Today is World Usability Day , an annual reminder to “promote the values of usability, usability engineering, user-centered design, universal usability, and every user's responsibility to ask for things that work better.”
Established in 2005 by the UXPA (User Experience Professionals Association), World Usability Day organizers encourage groups and individual usability professionals to promote usability around a different collective theme.
Usability professionals are not only meeting across the United States, from Arizona to Massachusetts, but also across the globe from Sweden to Iran. While I usually participate through the Triangle UXPA for better or for worse, nearly all will be remote, putting participation within reach of anyone with an Internet connection.
Previous years have focused on popular themes including “Sustainable/Green UX,” “Inclusion” or even “Design for Good or Evil.” For 2020, however, World Usability Day will tackle the ominous-sounding theme of Human-Centered AI (Artificial Intelligence).
But what is Human-Centered AI? Are we talking Star Trek Voyager’s benevolent sentient holograms, or The Matrix style murder-death-kill machines?
Based on promotional material, maybe neither, or both?
“In our theme this year, Human-Centered AI we seek to explore design systems that are both highly automated and allow a great degree of user control and will result in expanding human capabilities 1000-fold. If we can design AI which is ‘reliable, trusted, and safe,’ we can dramatically enhance human performance in the coming decade."
Over the last two decades, computers have advanced humanity's ability to perform work, ensure our safety, and even lightened our workload. Interest in AI’s capabilities to expand human performance even further continues to increase. However, there is an accompanying fear that humans will lose control of the technology they create.”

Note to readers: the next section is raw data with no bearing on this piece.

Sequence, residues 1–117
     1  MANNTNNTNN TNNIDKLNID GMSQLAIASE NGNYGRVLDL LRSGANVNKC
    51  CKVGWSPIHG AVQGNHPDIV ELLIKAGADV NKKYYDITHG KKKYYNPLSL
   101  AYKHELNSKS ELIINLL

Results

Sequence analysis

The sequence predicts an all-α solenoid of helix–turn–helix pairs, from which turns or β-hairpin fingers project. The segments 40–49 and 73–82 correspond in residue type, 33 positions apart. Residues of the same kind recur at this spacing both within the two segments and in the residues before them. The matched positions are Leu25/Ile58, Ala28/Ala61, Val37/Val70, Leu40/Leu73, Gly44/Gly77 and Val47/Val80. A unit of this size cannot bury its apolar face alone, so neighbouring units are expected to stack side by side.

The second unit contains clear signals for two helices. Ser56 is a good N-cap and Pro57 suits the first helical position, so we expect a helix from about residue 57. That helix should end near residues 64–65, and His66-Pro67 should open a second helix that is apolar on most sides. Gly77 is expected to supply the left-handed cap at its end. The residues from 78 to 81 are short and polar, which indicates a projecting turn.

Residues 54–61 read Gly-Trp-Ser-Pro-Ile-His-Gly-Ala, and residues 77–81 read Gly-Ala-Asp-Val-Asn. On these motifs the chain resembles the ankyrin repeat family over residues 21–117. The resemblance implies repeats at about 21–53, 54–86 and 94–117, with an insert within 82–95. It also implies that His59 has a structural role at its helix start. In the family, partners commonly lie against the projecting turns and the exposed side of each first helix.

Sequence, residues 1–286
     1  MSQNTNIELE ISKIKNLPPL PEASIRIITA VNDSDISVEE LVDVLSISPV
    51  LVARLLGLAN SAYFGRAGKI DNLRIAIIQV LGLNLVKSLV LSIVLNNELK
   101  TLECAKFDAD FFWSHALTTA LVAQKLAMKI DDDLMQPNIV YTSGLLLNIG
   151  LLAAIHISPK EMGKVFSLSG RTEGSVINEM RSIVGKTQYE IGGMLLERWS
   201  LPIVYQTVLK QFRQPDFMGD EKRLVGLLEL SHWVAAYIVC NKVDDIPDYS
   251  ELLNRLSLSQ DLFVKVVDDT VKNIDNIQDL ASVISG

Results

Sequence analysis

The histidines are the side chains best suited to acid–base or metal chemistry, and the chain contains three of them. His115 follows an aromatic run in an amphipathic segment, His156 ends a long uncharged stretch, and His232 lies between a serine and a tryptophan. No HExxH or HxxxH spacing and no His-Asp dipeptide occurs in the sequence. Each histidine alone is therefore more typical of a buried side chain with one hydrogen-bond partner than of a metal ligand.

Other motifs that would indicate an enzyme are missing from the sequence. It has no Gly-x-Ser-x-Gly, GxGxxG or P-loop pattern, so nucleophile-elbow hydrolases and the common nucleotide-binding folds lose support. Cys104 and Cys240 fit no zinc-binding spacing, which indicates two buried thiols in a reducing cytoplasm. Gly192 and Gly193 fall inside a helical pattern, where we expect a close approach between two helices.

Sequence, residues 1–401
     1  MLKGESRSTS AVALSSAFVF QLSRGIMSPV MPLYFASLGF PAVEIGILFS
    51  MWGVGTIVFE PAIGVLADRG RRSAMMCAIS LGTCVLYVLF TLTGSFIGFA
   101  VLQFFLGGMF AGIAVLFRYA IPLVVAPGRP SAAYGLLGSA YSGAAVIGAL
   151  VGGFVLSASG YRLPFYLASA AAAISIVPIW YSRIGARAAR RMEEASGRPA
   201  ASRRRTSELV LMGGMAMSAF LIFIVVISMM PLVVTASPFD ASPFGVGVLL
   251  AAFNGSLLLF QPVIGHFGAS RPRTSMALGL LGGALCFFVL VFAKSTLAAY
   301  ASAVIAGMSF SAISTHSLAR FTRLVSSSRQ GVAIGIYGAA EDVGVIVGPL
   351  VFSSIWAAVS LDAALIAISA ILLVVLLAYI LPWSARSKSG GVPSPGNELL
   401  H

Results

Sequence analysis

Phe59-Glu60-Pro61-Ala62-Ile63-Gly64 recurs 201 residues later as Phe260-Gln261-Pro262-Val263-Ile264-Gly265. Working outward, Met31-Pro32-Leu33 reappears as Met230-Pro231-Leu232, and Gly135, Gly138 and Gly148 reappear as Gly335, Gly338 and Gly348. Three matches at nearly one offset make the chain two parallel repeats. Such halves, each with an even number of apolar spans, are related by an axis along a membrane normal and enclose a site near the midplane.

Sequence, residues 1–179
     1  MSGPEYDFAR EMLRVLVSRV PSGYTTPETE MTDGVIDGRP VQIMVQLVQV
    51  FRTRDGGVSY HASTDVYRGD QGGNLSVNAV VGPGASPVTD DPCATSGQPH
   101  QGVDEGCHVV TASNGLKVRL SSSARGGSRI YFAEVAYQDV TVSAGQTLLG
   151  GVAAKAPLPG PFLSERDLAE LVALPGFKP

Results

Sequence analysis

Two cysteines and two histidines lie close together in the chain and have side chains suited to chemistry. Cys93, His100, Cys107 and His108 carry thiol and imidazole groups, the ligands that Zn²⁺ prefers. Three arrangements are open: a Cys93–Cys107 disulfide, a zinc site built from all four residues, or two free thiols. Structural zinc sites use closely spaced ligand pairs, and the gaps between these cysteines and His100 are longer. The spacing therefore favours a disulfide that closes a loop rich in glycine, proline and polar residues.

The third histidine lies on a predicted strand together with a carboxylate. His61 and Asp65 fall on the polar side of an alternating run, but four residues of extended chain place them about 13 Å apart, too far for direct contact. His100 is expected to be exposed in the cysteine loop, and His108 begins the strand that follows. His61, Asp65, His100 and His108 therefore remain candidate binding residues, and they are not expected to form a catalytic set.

According to predictions by Bank of America Merrill Lynch:
“By 2025 the “annual creative disruption impact” from AI could amount to $14 trillion-33 trillion, including a $9 trillion reduction in employment costs thanks to AI-enabled automation of knowledge work; cost reductions of $8 trillion in manufacturing and health care; and $2 trillion in efficiency gains from the deployment of self-driving cars and drones. The McKinsey Global Institute, a think-tank, says AI is contributing to a transformation of society ‘happening ten times faster and at 300 times the scale, or roughly 3,000 times the impact’ of the Industrial Revolution.”
But, something for UX designers to consider when reveling in such accomplishments is a “reduction in employment costs thanks to AI-enabled automation of knowledge work” is simply code for job cuts, or at least a slow in job growth in knowledge work fields that had to date been less susceptible to obsolescence as industrial and manufacturing jobs had in the last century.
On the other hand, well-designed learning systems make life easier in small but meaningful ways. Rather than constantly having to reprogram a dumb thermostat, home automation sensors such as those from Nest and Ecobee use motion sensors to detect occupant movement to custom-tailor, and constantly refine and adapt complex programs to anticipate when HVAC systems need to be turned on and off. The results are increased user comfort, along with improved energy efficiency. All without reduced headcount for all but the occupants of the largest mansions.
In the end, I’m still looking forward to networking with other user experience professionals and sharing ideas on how to create a more usable world through Human-Centered AI. Hopefully without murder-death-kill machine overlords.
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